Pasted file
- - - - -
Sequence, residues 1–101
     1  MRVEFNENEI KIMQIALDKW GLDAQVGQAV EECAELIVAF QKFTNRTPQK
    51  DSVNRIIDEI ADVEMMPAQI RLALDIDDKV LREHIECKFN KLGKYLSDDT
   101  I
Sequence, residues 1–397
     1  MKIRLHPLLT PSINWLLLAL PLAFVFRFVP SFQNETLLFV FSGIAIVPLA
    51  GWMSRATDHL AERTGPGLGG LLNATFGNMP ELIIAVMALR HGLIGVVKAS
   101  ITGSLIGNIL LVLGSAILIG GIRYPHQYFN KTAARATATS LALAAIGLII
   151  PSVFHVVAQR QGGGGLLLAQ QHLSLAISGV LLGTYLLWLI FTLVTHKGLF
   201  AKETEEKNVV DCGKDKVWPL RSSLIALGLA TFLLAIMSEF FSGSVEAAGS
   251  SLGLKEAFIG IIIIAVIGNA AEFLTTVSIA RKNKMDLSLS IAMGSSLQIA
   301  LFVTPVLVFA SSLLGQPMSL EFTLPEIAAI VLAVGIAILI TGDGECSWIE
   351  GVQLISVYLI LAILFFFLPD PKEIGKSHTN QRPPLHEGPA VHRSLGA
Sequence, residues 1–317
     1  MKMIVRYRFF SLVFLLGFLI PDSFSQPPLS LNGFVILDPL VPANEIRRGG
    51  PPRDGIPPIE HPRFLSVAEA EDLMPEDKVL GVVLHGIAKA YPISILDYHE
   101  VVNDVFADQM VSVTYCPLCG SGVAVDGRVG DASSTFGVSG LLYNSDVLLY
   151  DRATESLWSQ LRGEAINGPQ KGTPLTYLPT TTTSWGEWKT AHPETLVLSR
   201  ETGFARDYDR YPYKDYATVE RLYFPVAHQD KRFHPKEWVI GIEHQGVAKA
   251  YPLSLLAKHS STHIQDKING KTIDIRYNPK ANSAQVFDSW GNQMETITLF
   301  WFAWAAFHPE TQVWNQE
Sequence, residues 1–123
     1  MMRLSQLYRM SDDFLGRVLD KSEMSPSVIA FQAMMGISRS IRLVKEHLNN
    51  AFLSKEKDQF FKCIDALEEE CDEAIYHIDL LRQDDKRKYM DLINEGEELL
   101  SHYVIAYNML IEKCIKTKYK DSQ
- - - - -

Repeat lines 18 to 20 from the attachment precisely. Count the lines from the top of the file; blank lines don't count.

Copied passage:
   151  DRATESLWSQ LRGEAINGPQ KGTPLTYLPT TTTSWGEWKT AHPETLVLSR
   201  ETGFARDYDR YPYKDYATVE RLYFPVAHQD KRFHPKEWVI GIEHQGVAKA
   251  YPLSLLAKHS STHIQDKING KTIDIRYNPK ANSAQVFDSW GNQMETITLF